Comment: How much wealth is too much? And what’s a fair limit?

The wealthy are a drag on equality, the climate and politics. A limit of $20 million could fix that.

By Ingrid Robeyns / For the Los Angeles Times

“Every billionaire is a policy failure.” Alexandria Ocasio-Cortez exemplified this motto when she entered politics and famously wore the slogan “Tax the rich ” on her gown to a Met Gala.

Yvon Chouinard, the billionaire and owner of the outdoor apparel company Patagonia, who became famous for putting profits from his company toward protecting the Earth, reportedly had a bumper sticker with that slogan on his car. And Oxfam recently said as much when it released its annual report on economic inequality.

As a political philosopher, I support this too. I call this “limitarianism,” in which societies define a cap on how much personal wealth an individual can accumulate. But we should be morally more ambitious than only wanting to get rid of fortunes that are more than $1 billion. If we look carefully at the reasons for limiting personal wealth, we might well agree on a much lower maximum limit.

Why should society limit extreme personal wealth?

Excess wealth keeps the poor in poverty while inequality grows. Research shows that the lion’s share of the gains that economies wield go to those who already have the most, while only a tiny fraction goes to those who have the least. This is the case globally, as well as in the United States. Tax deductions disproportionately benefit the rich, whose tax contributions could have supported the poor.

Another important reason is that excess wealth undermines democracy. As I’ve found in my research, extreme wealth allows the super-rich to spend fortunes on lobbying, or to donate huge sums to support political candidates and parties, which gives them a bigger voice in political decisions.

Moreover, the rich and super-rich are disproportionately responsible for climate change. Their lifestyles and their investments are responsible for more greenhouse gas emissions than the average person’s. If they paid taxes for the environmental harms their activities cause, their holdings would be much smaller.

A more fundamental reason to limit wealth? Although many believe that what they reap in the market is what they deserve, no one can morally say that they deserve their fortune. Wealth is, to a large extent, the result of factors that we can in no way take credit for. We should acknowledge the huge influence of good or bad luck in our lives: including the “natural lottery” ticket that we were given when we were born; the family we were born into; the parents and teachers who influenced us deeply. Inheriting a vast fortune, the source of wealth for so many rich people, is also pure luck, and thus undeserved. Much economic success has been facilitated by the work and investments from previous generations, and none of us can take credit for those achievements.

If we want to limit wealth so that we can address poverty, invest in public infrastructure, protect democracy, end climate destruction and eliminate undeserved riches, then where should we draw the line?

There are two limits to wealth that we should consider: one political, the other ethical. They should be set at different levels. The political level should be democratically decided and embedded in law and institutions; the ethical level would be a voluntary, personal decision, in which we can take our personal context into account.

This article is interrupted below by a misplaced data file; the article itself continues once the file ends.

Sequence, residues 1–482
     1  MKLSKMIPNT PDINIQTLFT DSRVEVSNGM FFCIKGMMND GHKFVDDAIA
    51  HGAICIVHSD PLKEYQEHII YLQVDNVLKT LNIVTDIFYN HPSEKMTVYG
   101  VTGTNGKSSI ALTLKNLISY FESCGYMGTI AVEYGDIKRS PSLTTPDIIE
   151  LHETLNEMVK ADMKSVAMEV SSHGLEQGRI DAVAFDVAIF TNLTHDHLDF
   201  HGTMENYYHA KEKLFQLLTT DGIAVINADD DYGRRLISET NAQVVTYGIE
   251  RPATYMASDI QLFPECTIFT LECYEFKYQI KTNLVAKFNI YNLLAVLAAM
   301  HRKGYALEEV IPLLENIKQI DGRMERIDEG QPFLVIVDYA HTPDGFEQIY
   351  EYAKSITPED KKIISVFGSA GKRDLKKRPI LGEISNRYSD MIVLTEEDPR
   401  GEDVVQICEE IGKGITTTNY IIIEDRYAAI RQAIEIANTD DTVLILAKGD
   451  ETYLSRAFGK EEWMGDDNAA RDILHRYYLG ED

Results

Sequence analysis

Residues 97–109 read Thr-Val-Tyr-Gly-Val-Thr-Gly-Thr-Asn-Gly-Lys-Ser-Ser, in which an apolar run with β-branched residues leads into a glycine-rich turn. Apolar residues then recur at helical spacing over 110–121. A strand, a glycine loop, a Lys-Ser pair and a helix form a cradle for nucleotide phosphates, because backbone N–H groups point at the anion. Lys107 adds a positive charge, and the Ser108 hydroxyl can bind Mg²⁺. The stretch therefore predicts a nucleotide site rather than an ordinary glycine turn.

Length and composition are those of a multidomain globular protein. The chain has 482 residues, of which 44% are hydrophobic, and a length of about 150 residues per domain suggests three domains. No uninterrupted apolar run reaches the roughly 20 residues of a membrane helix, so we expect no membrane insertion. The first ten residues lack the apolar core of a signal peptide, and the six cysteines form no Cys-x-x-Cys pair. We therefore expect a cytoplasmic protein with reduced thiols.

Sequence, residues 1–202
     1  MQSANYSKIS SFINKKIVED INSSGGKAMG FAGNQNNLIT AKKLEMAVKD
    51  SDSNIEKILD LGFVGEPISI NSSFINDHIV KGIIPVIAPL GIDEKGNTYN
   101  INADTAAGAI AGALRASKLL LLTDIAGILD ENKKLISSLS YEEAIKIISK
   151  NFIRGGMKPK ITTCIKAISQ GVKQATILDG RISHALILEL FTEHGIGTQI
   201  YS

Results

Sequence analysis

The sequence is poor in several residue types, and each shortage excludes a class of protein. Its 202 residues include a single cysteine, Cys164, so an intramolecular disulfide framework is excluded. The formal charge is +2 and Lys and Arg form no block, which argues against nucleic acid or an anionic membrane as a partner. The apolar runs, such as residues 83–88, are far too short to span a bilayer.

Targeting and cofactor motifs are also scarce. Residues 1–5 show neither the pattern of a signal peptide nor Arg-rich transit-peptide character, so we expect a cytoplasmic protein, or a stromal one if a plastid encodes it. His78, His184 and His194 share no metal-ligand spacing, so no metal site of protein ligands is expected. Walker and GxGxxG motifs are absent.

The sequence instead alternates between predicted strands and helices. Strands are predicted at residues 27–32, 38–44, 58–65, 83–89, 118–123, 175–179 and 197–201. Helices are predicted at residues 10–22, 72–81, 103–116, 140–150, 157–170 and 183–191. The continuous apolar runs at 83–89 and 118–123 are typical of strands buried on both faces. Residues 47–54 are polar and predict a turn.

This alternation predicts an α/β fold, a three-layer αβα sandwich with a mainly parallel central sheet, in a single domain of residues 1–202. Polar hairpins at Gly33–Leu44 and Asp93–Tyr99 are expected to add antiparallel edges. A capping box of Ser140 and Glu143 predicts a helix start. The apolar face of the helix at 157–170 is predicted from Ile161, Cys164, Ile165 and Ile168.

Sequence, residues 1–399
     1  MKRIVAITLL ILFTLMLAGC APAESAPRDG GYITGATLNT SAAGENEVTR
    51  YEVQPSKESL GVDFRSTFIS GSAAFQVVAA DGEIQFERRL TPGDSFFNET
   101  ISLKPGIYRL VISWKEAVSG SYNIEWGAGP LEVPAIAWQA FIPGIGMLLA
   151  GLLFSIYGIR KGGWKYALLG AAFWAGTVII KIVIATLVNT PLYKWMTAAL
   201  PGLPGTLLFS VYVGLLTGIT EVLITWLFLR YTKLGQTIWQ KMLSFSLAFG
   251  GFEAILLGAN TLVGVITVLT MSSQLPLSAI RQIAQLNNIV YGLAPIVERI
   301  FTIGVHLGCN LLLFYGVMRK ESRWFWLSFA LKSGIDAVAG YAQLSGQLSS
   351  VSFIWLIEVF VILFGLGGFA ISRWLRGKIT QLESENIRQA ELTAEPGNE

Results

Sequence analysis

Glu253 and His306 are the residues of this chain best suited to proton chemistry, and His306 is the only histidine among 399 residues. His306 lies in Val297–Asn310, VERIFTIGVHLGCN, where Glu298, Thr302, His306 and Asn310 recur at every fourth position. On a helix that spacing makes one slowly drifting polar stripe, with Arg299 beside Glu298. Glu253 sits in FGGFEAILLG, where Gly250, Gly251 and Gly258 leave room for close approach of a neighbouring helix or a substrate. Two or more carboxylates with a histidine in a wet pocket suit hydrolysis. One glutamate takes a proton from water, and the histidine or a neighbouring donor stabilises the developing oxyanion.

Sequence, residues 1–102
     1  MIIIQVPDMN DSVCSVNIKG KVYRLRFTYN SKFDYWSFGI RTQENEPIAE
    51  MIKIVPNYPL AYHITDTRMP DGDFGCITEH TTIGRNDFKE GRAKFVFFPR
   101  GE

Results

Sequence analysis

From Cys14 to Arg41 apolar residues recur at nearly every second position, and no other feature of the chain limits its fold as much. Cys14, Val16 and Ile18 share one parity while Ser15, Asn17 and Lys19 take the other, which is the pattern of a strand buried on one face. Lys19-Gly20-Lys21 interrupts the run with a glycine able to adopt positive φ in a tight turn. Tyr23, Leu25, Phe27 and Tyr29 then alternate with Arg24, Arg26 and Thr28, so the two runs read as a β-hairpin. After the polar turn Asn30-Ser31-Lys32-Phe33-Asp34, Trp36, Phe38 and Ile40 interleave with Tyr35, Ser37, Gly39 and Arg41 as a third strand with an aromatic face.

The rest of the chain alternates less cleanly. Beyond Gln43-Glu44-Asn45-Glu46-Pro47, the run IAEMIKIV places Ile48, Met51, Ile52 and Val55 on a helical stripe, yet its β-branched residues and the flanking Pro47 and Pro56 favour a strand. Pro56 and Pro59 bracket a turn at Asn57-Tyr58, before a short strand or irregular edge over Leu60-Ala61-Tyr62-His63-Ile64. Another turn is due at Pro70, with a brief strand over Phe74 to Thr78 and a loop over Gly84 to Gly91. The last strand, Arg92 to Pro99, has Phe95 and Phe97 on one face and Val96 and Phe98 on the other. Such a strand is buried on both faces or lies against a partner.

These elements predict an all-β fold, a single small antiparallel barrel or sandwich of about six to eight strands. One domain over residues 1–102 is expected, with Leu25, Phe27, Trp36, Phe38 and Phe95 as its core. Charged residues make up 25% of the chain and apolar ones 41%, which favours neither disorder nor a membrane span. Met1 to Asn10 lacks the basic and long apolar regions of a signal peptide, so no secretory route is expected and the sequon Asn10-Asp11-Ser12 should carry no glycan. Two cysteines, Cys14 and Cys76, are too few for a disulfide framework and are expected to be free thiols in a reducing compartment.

To set the political limit, each society has to ask: What is the level of wealth at which a rich person can significantly undermine democracy? What is the level of wealth at which the rich person’s corresponding lifestyles harm the environment? What limit could be justified based on what we deserve? What limit would be high enough so that it would keep incentivizing people to innovate and contribute to the economy? What is the upper limit above which personal wealth starts to turn into wasteful spending? We need to estimate the answers to these questions, and then strike a balance. This gives us the political limit.

Based on those considerations, for a country similar to the Netherlands, where I live, my rough estimate for the political limit would be around 10 million euros. In the U.S., there are reasons it probably should be higher. For example, Americans lack a public pension system or universal health care, which make many people feel pressured to save more. Perhaps the political upper limit should be $20 million. But surely not $1 billion.

To determine the second limit, the ethical limit, we all need to answer the question: How much money do I need to lead a very good life, and meet any special obligations I might have, such as to family members who cannot provide for themselves? This limit will depend on our particular circumstances as well as the public and collective provisions we can count on. The answer will vary among individuals, but that doesn’t mean that anything goes.

We must ask ourselves: “When is enough enough?” And the answer to that question can’t be “1 billion.” Surely, we should be much more ambitious than that.

Ingrid Robeyns is a professor of political philosophy at Utrecht University and the author of “Limitarianism: The Case Against Extreme Wealth.” ©2024 Los Angeles Times, Distributed by Tribune Content Agency, LLC.

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